Main Economic Events & LME Today

Wednesday, May the 10th deserves to be nominated for one of the most tense days regarding this week. So much going on in financial markets, being pulled and inspired by main political events which are causing a little earthquakes all along the global scene. Will euro come to its 6-month highs lifted by Mario Draghi, and which way will the release of James Comey affect U.S. market… And what is happening with London Metal Excchange Prices today, Let’s see:


Main Economic Events Today:

  • China Consumer Price Index(CPI) YoY rose to actual 1.2% (1.1% forecast)
  • ECB President Draghi Speaks
  • U. S. Crude Oil Inventories came to actual -0.930M, while expected was -2.333M
  • New Zealand Interest Rate Decision is at actual 1.75%, same as expected
  • Reserve Bank of NZ Rate Statement (the outcome of factors on interest rates..)


Top 5 Things In Wednesday’s Market

inspired by

  1. Trump dismissed the FBI director James Comey; It was a very shocking move for Washington (and this really weighs on risk appetite)
  2. Global stocks mixed as Comey’s termination HIT western markets
  3. Oil JUMPS 1% on large inventory draw
  4. Disney set to weigh on Dow, Apple pulls back
  5. Mario Draghi might help to lift euro back to 6-month highs


LME Base Metal Prices

Dropped again, across the board of this morning. Coming after short term of recuperation at yesterday’s closing hour.

Following the publication of further unimpressive data, this time from China, copper has fallen below $5,500 per tonne and nickel is back below $9,200 barrier.

While the Chinese CPI for April at 1.2% y-o-y was better than 0.9% in the previous month, its PPI at 6.4% was below the previous figure of 7.6% and the expected 6.7%.

”Copper prices have lost upward momentum since mid-February and more recently they have gained downward momentum.”  (Metal Bulletin)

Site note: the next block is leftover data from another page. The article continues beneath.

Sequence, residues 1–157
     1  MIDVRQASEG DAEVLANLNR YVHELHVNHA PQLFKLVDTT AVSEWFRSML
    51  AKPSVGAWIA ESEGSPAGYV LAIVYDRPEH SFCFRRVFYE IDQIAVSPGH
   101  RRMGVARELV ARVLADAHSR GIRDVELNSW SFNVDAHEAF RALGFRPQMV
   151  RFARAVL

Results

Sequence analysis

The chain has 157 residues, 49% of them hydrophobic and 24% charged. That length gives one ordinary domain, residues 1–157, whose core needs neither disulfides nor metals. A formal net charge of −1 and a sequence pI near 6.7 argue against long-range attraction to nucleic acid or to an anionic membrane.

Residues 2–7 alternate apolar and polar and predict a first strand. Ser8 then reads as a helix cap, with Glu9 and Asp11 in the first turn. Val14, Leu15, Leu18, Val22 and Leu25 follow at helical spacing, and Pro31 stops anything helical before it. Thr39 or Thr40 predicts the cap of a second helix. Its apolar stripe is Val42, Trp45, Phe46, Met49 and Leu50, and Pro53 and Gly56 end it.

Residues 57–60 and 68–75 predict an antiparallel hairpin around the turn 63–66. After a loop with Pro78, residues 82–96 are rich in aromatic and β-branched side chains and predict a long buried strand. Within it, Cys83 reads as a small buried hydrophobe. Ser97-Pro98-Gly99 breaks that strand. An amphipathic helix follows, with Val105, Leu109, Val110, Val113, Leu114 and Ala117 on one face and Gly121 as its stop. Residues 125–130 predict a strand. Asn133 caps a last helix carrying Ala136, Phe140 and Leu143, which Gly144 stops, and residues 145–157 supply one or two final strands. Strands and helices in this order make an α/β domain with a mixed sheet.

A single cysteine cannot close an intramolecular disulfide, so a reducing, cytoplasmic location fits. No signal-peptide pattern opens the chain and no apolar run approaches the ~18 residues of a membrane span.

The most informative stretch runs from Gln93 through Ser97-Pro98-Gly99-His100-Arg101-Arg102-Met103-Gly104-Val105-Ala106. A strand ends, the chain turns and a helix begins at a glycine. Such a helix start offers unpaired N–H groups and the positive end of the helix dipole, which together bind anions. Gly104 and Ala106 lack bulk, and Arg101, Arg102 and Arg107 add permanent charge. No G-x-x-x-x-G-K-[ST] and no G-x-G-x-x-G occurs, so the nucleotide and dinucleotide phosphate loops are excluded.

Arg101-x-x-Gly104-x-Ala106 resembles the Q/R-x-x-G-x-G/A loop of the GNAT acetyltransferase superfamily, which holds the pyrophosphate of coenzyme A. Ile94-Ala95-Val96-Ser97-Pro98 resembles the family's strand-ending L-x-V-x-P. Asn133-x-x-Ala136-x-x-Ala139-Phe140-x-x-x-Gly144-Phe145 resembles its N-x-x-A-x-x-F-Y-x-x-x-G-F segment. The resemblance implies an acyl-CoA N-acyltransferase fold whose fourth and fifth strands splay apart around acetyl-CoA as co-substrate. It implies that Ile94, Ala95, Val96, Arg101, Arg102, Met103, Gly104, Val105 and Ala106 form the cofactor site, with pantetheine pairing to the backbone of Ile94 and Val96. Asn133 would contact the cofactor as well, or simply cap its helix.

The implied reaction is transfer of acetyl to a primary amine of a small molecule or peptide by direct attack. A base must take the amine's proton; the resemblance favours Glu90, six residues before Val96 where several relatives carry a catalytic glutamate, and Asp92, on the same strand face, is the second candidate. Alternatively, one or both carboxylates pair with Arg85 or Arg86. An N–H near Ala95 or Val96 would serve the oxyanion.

Copper goes below $5,500/t 

Firstly, three-month copper price fell $24 per tonne to trade recently at $5,488 per tonne. Secondly, copper stocks fell a net 3,625 tonnes to 339,200 tonnes. Also the Inventories started to decline on Monday this week, after they rose more than 100,000 tonnes last week.

Based on the reports of the Chinese trade balance, and their imports, Copper prices came under pressure after Monday. When data showed total copper imports into the nation fell to their lowest since October 2016.

Following, the expected second expansion phase at Polish miner KGHM’s Sierra Gorda copper project in Chile, IS CANCELED, the company announced on Monday.


Other base metals  

Speaking about Aluminium prices, the three-month price fell $5.50 to $1,865 per tonne. Stocks fell 7,225 tonnes to 1,570,575 tonnes.

“Aluminium looks a tad better but really needs to stay above $1,860 on the downside.” (FastMarkets)

Observing the Nickel, it fell $55 per tonne to $9,160 per tonne. It is hardly struggling to recover last week’s dropdown of more than $500 per tonne…

“Nickel prices will might be under pressure on weaker demand. With steady nickel trade flows from Indonesia, and some stainless steel plants starting from late May.” Nickel stocks rose 660 tonnes to 381,378 tonnes.

Noteworthy, The three-month tin price fell $55 to $19,660 per tonne, with inventories unchanged at 2,290 tonnes.

Currencies & data  

The Brent crude oil spot price was up 0.36% at $49.13 per barrel. Later, the US dollar index was effectively unchanged at 99.43. In equities, that shoes the UK FTSE 100 was down 7.17 at 7,335.04. But the power of dollar these days is not to be neglected.

Speaking about Europe, French and Italian industrial production both bid better than expectations. Especially the French trade deficit, which fell to a €5.4 billion. It bet the forecast.

US April export and import prices, crude oil stocks and the Federal budget balance are due later today. Mr Donald Trump’s decisions are often shocking for people around him as well as for the global market participants. But we can only watch and testify the outcomes by ourselves.


By | 2017-05-10T11:26:34+00:00 May 10th, 2017|Financial, Governments, International|3 Comments


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